SoutheastAsia.org asked its writers what they would do with 2 weeks to spend in Southeast Asia.
Two weeks in Southeast Asia will give you a brief taste of the region, enough time to sample the varied flavors but it will no doubt leave you hungry for more. I have visited Southeast Asia many times and lived here for 18 months but there are still many more places on my tourist wish list. This is where I would go if I only had 14 days:
I would start my journey in Singapore because Changi Airport is one of the world’s biggest, so it’s easy to fly in from anywhere and fly out to many regional destinations. I wouldn’t worry about packing much before you arrive as everything you need for your upcoming adventure is available on Orchard Road, in one of the many shopping malls. If you like shopping (even just window shopping), Singapore is paradise.
I’m not a fan of Singapore’s heat and humidity but the evenings bring some relief so I would head to the old market (Lau Pa Sat) for some great food and then take a spin on the Singapore Flyer (like the London Eye, only bigger) for some spectacular views of the metropolis. If, like me, you’re a party person, Singapore will keep you dancing until (almost) dawn – I’m a fan of the legendary Zouk ‘super-club’ and watching young Singaporeans let their hair down.
Singapore's Lau Pa Sat Market
After a hectic day and night in Singapore it’s time to relax on the Thai island of Phuket. I would avoid staying in the main tourist area of Patong beach, opting instead for one the excellent hotels/resorts at Surin, Kata or Karon beaches. A day spent swimming and lying on the beach is a day well spent but I think it’s worth joining a few bus-loads of tourists to see an amazing sunset from the headland of Laem Promthep. At night you can see the Phuket Fantasea show, a high-tech extravaganza of acrobatics, comedy and traditional dance, or head to Patong for a variety of bars and clubs.
From Phuket it’s an easy boat ride to some stunning smaller islands in Phang Nga Bay. Stay a couple of days on Phi Phi Don, while taking short trips to the smaller Phi Phi Leh (made famous by the movie The Beach) and other uninhabited islands. I’ve had some brilliant times snorkeling and diving in the warm waters Phang Na, as reefs attract a wide variety of multi-colored tropical fish and occasionally whale sharks.
The turquoise waters of Phang Nga
Leaving island paradise is always difficult for me but another place in northern Thailand I love is Chiang Mai, where it’s cooler in temperature but richer in history and culture. Chiang Mai’s Old City is surrounded by walls and a moat which are almost a thousand years old. There are many beautiful old temples (wats) worth visiting, the Night Bazaar is a must-see and I also enjoy watching Muay Thai, but I wouldn’t get too tired because a day trip to Elephant Farm and Tiger Zoo awaits the following day.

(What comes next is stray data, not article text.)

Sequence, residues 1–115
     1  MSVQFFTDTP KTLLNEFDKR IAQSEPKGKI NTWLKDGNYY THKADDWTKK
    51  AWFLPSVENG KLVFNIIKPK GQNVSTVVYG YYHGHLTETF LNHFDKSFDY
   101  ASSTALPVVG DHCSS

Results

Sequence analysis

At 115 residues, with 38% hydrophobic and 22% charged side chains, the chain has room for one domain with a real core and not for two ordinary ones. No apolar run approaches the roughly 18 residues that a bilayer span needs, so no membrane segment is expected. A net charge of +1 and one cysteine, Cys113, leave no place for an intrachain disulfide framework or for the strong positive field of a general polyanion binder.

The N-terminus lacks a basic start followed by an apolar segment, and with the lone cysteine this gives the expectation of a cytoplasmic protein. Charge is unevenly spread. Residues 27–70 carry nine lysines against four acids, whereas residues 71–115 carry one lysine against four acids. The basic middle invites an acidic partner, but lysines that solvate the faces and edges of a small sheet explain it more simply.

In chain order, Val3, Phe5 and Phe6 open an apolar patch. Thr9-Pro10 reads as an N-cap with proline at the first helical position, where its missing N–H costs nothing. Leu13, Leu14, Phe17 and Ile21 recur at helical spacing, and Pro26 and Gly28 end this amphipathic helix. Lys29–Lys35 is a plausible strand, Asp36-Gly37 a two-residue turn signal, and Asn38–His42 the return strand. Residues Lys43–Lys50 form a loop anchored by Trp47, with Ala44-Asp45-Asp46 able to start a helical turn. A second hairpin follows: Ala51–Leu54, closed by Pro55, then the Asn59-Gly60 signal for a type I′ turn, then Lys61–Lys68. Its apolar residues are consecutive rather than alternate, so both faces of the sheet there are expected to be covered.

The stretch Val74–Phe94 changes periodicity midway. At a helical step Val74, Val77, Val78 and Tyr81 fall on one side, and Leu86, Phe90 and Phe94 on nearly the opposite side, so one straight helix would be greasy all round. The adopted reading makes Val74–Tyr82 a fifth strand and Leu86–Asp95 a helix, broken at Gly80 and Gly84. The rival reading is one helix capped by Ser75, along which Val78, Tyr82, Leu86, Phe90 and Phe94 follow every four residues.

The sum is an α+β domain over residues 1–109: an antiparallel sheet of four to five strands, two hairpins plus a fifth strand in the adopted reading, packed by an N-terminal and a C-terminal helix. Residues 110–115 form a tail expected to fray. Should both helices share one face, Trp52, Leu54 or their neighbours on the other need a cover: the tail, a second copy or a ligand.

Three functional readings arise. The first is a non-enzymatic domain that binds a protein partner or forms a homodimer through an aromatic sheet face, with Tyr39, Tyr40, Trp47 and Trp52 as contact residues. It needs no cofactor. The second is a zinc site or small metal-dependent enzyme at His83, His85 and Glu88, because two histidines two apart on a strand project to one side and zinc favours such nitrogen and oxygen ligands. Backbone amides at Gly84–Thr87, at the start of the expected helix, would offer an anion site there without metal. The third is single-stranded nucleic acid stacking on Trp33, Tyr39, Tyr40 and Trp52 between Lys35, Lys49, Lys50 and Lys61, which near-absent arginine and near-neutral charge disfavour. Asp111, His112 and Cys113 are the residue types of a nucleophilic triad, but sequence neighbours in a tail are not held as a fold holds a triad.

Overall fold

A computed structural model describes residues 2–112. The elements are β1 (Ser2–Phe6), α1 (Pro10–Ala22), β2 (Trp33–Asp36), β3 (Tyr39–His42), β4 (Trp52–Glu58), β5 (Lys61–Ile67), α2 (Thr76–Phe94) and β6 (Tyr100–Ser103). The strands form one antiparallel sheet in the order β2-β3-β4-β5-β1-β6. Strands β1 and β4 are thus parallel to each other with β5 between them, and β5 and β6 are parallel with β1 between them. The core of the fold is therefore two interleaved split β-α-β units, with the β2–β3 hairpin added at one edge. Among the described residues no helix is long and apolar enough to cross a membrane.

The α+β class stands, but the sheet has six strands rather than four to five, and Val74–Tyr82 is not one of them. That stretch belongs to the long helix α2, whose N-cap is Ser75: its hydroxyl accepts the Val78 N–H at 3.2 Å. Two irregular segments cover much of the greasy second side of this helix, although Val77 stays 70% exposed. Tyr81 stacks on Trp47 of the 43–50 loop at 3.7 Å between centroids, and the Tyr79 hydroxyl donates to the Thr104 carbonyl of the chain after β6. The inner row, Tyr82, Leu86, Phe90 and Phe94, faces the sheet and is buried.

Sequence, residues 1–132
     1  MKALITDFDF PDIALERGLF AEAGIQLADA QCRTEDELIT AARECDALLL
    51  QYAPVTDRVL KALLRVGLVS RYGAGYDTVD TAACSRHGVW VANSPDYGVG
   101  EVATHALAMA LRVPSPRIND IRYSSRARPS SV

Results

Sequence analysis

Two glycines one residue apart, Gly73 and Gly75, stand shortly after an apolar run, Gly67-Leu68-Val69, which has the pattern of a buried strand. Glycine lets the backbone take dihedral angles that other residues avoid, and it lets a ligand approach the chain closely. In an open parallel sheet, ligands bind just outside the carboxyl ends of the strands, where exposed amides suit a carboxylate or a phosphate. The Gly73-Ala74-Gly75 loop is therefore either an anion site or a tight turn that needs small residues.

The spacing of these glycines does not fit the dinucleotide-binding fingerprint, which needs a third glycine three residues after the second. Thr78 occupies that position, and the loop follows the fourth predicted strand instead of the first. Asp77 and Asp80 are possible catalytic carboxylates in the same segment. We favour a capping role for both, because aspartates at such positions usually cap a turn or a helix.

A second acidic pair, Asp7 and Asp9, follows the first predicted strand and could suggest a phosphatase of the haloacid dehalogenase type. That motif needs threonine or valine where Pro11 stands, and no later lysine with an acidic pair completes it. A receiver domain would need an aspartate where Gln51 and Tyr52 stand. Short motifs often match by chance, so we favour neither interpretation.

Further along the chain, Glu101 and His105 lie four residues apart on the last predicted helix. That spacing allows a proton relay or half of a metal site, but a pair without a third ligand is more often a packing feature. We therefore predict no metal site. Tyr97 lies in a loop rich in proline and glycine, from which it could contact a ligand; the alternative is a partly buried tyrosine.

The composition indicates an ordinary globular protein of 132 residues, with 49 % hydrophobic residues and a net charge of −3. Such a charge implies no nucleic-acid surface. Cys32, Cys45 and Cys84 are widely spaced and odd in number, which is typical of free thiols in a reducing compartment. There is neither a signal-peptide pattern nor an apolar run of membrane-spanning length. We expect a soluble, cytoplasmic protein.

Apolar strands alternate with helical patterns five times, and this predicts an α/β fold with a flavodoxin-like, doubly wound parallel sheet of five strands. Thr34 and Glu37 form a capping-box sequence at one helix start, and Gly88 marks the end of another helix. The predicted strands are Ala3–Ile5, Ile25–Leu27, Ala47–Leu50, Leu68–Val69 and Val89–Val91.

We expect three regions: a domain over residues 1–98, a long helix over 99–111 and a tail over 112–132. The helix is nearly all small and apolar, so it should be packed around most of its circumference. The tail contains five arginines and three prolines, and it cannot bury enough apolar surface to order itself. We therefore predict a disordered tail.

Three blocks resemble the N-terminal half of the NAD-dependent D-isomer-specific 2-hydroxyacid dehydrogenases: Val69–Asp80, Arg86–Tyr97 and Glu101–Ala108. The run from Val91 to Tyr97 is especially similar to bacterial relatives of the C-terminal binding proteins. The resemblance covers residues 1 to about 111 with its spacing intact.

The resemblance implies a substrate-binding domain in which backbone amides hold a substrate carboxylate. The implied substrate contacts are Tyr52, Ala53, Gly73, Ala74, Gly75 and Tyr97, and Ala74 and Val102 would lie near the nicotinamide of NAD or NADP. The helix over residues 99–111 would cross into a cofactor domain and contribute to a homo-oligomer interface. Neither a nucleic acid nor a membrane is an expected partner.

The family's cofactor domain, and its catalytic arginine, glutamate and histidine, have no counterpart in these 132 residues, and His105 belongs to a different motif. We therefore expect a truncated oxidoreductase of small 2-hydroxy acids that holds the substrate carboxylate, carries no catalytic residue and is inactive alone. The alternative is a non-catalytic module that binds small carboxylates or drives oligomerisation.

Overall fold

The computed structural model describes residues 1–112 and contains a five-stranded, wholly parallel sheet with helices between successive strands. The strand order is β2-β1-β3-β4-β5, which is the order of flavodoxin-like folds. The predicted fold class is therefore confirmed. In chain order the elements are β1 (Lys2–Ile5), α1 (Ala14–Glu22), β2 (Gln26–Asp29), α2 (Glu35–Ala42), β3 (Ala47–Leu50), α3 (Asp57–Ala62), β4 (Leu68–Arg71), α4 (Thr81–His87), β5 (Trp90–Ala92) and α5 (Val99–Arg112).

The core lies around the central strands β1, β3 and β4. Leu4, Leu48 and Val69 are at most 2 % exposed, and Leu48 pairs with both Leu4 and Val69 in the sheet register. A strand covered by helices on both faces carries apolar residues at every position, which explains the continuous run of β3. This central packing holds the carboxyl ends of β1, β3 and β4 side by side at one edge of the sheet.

After Chiang Mai, it’s time to immerse myself in Khmer history and culture by heading to Siem Reap and the breathtaking Angkor Wat. One of the most important archeological sites in the world, you should take your time exploring the sprawling temple complex on foot, marveling at the incredible architecture and sculptures. I found taking a boat ride around some parts of the complex to be a relaxing way to see the temples.
It takes more than one day to truly appreciate Angkor Wat so I think a sunrise return should be on the itinerary before taking a short flight to Cambodia’s capital Phnom Penh. Cambodia’s capital has more recent history of the Khmer Rouge genocide which shouldn’t be ignored. Visiting the Killing Fields and Tuol Sleng Genocide Museum are definitely memorable, if not sobering, experiences.
Understanding Cambodia’s past is important but so is enjoying the present. I like heading to the riverside for a sunset drink at the FCC and dining afterwards in one of the many great riverside restaurants. The FCC is a Southeast Asian institution, and a sunset drink next to the river is a fantastic way to relax after a day of history.
Next stop is Vietnam. After arriving in the capital Hanoi, I always get a bowl of pho as soon as possible (I think I could live on pho alone) and explore the 36 streets of the Old Quarter. From Hanoi, head to Ha Long Bay for an overnight cruise on an imperial junk. Ha Long is a place of such stunning beauty that if you come to Southeast Asia I insist you visit, it’s like nowhere else on Earth.
Junks floating on Halong Bay
After a night on the water it’s time to go back to Hanoi for the ‘Reunification Express’ train to Ho Chi Minh City. I’ve never actually taken this trip – it’s one of the items on my wish list. It’s a long train ride (up to 42 hours) but it’s in air-conditioned comfort and there’s some beautiful scenery, especially as the train runs along the coast between Hué and Danang.
After seeing a lot of Vietnam you’ll arrive in frenetic Ho Chi Minh City where you should visit Ben Thanh Market, some museums, as well as exploring the city’s narrow alleyways which are full of small shops and restaurants serving delicious Vietnamese food (mmm, more pho).
Time’s almost up but there’s one more day to get to Kuala Lumpur and experience a mix of Chinese, Indian and Malay culture. I’d recommend going to both Chinatown and Little India as well as a visit to the observation deck of the iconic Petronas Towers. There we have it – 14 days in Southeast Asia. After what you’ve seen, I have a feeling you’ll be back for more soon.
Stuart Clarke is an Australian writer based in Bangkok. He has written for Sydney Morning Herald and The Age newspapers and Rolling Stone magazine.